Tyrese Maxey portrait

The Maxey Effect: How Tyrese Maxey Found His Voice, and Uses It To Do Good

76ers Star Earns First NBA Cares Community Assist Award

During the 76ers’ Nov. 18 win over the Milwaukee Bucks, Tyrese Maxey sustained a left foot fracture - the first major injury of his pro career.

Less than a day later, he joined his teammates on the bench, in a boot but smiling, as the team faced the Minnesota Timberwolves on Nov. 19.

Less than a day after that, Maxey and his family were in West Philadelphia, passing out Thanksgiving meals to more than 300 local families on Nov. 20.

Even so shortly after an injury, Tobias Harris wasn’t surprised to see Maxey in either place.

“Tyrese is a man of his word,” Harris said. “He has a lot of pillars and morals that he sticks to, that make up who he is - a trustworthy person, somebody who’s loyal, and also knows his impact.”

Circumstances had no bearing on Maxey’s attendance. There was never a doubt.

“People were asking me if I was still going to do [the Turkey Drive] because I got hurt,” Maxey said following the event. “And I was like, ‘Of course. I can stand, I can walk, I can talk, I can smile. So I’m still going to be here.’”

It was a decision supported by his family - literally - with every step.

“I’ve always tried to teach our kids that when you are going through something, that’s when you really need to reach out and help somebody else,” Denyse Maxey, Tyrese’s mom, said during a recent visit to Philadelphia. 

“So he put on the boot that morning, and we very gingerly went to the event. If you go back to some of the footage, I’m standing directly in front of him, I straddled his foot to protect him. And sometimes my mom (Tyrese’s grandmother) was standing to my left, to help protect people from bumping into his foot.”

Maxey has felt that support from those women from the very beginning.

“It started at the very top - both of my grandmothers lived with me since I was four or five years old,” Maxey explained. “They taught me all my manners. And they told me that if I was going to make it, it would be great for me to be able to give back.”

That seed, planted by his grandmothers, nurtured by his parents and family, has now grown into something special, as Maxey prepares to accept his first NBA Cares Community Assist Award as the November 2022 honoree.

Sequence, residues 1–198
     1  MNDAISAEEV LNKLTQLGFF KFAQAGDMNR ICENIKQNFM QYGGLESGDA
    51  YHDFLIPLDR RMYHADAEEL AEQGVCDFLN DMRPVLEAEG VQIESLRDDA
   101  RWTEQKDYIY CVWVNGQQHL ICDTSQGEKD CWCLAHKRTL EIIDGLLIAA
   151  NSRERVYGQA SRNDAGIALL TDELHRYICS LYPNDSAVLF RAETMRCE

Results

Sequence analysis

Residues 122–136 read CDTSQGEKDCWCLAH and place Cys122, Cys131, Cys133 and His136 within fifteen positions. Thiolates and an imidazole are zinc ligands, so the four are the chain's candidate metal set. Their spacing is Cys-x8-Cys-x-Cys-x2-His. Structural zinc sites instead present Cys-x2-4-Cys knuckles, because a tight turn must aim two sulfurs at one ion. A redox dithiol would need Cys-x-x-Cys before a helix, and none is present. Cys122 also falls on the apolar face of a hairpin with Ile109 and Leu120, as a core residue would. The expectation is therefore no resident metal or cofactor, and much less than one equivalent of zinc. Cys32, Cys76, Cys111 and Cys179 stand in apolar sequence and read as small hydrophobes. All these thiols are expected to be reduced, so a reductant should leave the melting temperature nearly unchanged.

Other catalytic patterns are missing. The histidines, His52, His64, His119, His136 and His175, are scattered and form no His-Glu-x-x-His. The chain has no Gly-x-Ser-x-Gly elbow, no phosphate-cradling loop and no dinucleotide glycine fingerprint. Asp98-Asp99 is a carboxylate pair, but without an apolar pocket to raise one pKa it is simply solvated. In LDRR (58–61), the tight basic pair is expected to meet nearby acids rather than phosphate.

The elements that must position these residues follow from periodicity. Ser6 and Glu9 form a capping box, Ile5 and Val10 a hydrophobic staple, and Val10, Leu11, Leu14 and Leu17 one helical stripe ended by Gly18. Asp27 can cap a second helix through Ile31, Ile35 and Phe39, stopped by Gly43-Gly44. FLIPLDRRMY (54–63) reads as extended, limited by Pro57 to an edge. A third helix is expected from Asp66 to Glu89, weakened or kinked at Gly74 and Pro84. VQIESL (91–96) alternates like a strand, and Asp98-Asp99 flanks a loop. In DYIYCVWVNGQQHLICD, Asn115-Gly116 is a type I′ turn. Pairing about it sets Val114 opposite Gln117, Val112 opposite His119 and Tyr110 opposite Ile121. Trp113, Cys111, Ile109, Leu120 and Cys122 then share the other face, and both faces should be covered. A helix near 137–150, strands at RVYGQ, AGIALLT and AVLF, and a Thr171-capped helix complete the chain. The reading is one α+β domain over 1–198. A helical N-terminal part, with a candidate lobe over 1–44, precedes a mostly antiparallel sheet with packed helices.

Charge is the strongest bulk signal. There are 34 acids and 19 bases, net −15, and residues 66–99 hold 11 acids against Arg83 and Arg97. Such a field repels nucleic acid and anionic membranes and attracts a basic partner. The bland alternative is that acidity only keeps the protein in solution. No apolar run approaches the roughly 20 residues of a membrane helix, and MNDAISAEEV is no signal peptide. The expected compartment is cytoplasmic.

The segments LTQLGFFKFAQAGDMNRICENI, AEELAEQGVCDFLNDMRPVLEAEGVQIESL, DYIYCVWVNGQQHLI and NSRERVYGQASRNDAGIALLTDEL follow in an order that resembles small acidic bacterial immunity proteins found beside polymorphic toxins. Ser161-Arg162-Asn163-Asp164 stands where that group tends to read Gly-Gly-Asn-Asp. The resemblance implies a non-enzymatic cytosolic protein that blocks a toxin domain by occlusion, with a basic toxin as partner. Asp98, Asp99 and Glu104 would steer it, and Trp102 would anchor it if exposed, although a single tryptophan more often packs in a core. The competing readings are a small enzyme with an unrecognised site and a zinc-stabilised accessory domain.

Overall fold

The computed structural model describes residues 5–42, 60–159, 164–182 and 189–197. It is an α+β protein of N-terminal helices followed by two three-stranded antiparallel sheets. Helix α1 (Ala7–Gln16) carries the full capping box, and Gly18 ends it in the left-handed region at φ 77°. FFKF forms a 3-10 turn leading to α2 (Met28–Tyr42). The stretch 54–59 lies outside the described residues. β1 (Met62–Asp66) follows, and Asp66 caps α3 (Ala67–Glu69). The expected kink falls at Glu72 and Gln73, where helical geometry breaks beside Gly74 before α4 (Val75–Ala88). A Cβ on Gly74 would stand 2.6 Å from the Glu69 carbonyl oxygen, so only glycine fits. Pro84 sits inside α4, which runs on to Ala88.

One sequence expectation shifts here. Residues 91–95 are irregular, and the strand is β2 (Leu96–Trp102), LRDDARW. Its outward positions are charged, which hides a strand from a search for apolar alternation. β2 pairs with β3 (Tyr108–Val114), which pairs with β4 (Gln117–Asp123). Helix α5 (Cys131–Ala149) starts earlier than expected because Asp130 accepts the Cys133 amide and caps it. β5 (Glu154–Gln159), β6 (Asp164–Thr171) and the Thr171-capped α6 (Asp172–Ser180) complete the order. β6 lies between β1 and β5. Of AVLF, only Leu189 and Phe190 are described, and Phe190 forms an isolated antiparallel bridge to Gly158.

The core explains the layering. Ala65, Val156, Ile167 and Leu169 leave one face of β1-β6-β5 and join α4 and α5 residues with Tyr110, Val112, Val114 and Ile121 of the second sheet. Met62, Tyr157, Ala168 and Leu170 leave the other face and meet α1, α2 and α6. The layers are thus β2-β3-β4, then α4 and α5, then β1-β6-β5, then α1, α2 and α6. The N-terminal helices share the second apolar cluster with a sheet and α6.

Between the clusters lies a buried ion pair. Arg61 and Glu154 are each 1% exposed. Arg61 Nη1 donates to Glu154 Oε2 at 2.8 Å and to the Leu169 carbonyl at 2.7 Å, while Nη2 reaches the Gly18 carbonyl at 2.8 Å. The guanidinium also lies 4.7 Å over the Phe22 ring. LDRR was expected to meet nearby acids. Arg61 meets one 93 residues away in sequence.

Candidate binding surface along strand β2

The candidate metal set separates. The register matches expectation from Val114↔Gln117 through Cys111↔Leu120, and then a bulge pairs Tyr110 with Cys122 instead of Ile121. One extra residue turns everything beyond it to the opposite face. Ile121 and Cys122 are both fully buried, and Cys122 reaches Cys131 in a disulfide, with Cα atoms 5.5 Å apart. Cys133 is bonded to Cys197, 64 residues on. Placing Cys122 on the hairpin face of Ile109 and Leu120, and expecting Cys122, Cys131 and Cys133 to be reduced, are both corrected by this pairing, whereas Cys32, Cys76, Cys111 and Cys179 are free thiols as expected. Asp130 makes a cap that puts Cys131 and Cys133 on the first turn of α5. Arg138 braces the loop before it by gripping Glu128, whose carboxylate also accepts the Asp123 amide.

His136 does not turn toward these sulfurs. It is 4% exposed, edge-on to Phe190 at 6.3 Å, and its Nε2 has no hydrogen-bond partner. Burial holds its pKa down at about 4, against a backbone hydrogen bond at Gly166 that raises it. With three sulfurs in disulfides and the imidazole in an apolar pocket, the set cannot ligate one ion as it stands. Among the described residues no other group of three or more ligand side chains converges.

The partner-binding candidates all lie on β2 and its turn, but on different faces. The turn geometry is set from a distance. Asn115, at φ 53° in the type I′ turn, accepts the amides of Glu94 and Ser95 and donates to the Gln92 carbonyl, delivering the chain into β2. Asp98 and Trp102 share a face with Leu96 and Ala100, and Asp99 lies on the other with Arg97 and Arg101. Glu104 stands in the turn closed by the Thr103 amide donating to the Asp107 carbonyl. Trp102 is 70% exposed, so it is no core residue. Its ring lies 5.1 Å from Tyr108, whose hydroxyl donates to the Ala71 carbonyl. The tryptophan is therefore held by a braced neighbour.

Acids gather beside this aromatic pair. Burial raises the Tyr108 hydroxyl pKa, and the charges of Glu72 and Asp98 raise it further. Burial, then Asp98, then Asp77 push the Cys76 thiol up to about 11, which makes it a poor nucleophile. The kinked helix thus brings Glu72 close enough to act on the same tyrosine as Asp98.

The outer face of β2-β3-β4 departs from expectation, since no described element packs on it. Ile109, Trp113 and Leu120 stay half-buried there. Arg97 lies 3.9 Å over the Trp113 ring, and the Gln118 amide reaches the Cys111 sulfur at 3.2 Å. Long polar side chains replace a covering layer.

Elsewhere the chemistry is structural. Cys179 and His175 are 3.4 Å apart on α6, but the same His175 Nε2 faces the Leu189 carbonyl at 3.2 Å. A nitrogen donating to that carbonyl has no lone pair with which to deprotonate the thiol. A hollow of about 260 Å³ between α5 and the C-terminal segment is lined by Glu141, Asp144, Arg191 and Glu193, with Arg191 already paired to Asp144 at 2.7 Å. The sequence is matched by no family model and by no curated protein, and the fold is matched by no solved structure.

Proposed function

Denyse remembers the inception of The Tyrese Maxey Foundation well.

“I came to him, I told him he’s settled, and said, ‘Your career is off to a really good start. Now we need to put some things in place as far as what you need to do to give back to your communities.”

“He was immediately like, ‘Okay Mom, I’m on it.’”

The Community Assist accolade is just the next in a host of accomplishments Maxey has accumulated, rapidly, since his 2019-2020 season at The University of Kentucky, through the 2020 NBA Draft, and into his quickly ascending career - but this award stands out to him.

“It’s right up there at the top. It means that the foundation and I are doing the right things. What I think is really important is putting smiles on people’s faces. That’s one of the biggest things that I’m about - I like to see people happy.”

That mission was accomplished en masse this offseason, as Maxey put smiles on 750 young faces this summer, hosting a series of three camps in his three homes: his hometown, Garland, Texas, his college home, Lexington, Kentucky, and his new home, Philadelphia, Pennsylvania.

“But he had some stipulations,” Denyse remembers of planning the camps with her son.

“[Tyrese] didn’t want any mom, or single mom, or family, to be in a financial bind. He referenced how rough things got for us - trying to get from one tournament to the next tournament, to get the latest shoe, pay for training, making sure the bills were paid, and his sisters were taken care of. And he said, ‘I don’t want to put another family through that.”

“If we’re going to do the camps, they have to be absolutely, 100% free to each child that attends.”

But that wasn’t enough for Maxey, who remembers attending LaMarcus Aldridge’s camp in Dallas as a kid. As he stepped into Aldridge’s role in the lives of the kids who would attend his camp, he wanted to make sure each child took home a personal, tactile, memory.

“I didn’t want to just come in at the beginning or the end and speak. I wanted to let the kids be able to see me, to touch me. They’ll never forget me being there playing one-on-one, or blocking their shot, or scoring on me. They’ll never forget the time you spent with each individual.”

Though only a third-year pro, Maxey’s impact has already been felt by youth across Philadelphia, and beyond. Maxey remembers a Pennsylvania girl - who missed the Philadelphia camp - making the over-600 mile trip to Lexington with her mom, just for a chance to play alongside her favorite player.

“It means a lot. It means I’m doing something right, I hope,” Maxey reflected. 

“It’s amazing, it really is,” Denyse added. “Sometimes it’s still kind of hard for me, because at the end of the day, for me, he’s just Tyrese. He’s my kid.”

Following the series of camps, as Maxey and his teammates descended upon Philadelphia for pre-Training Camp runs, Maxey was two miles away from the practice facility, speaking to students and handing out school supplies at Forest Hill Elementary School in Camden, New Jersey.

A year-round effort: exemplifying his morals and values, on and off the court.

Around that time, Maxey first met teammate De’Anthony Melton, who was immediately struck by Maxey’s punctuality.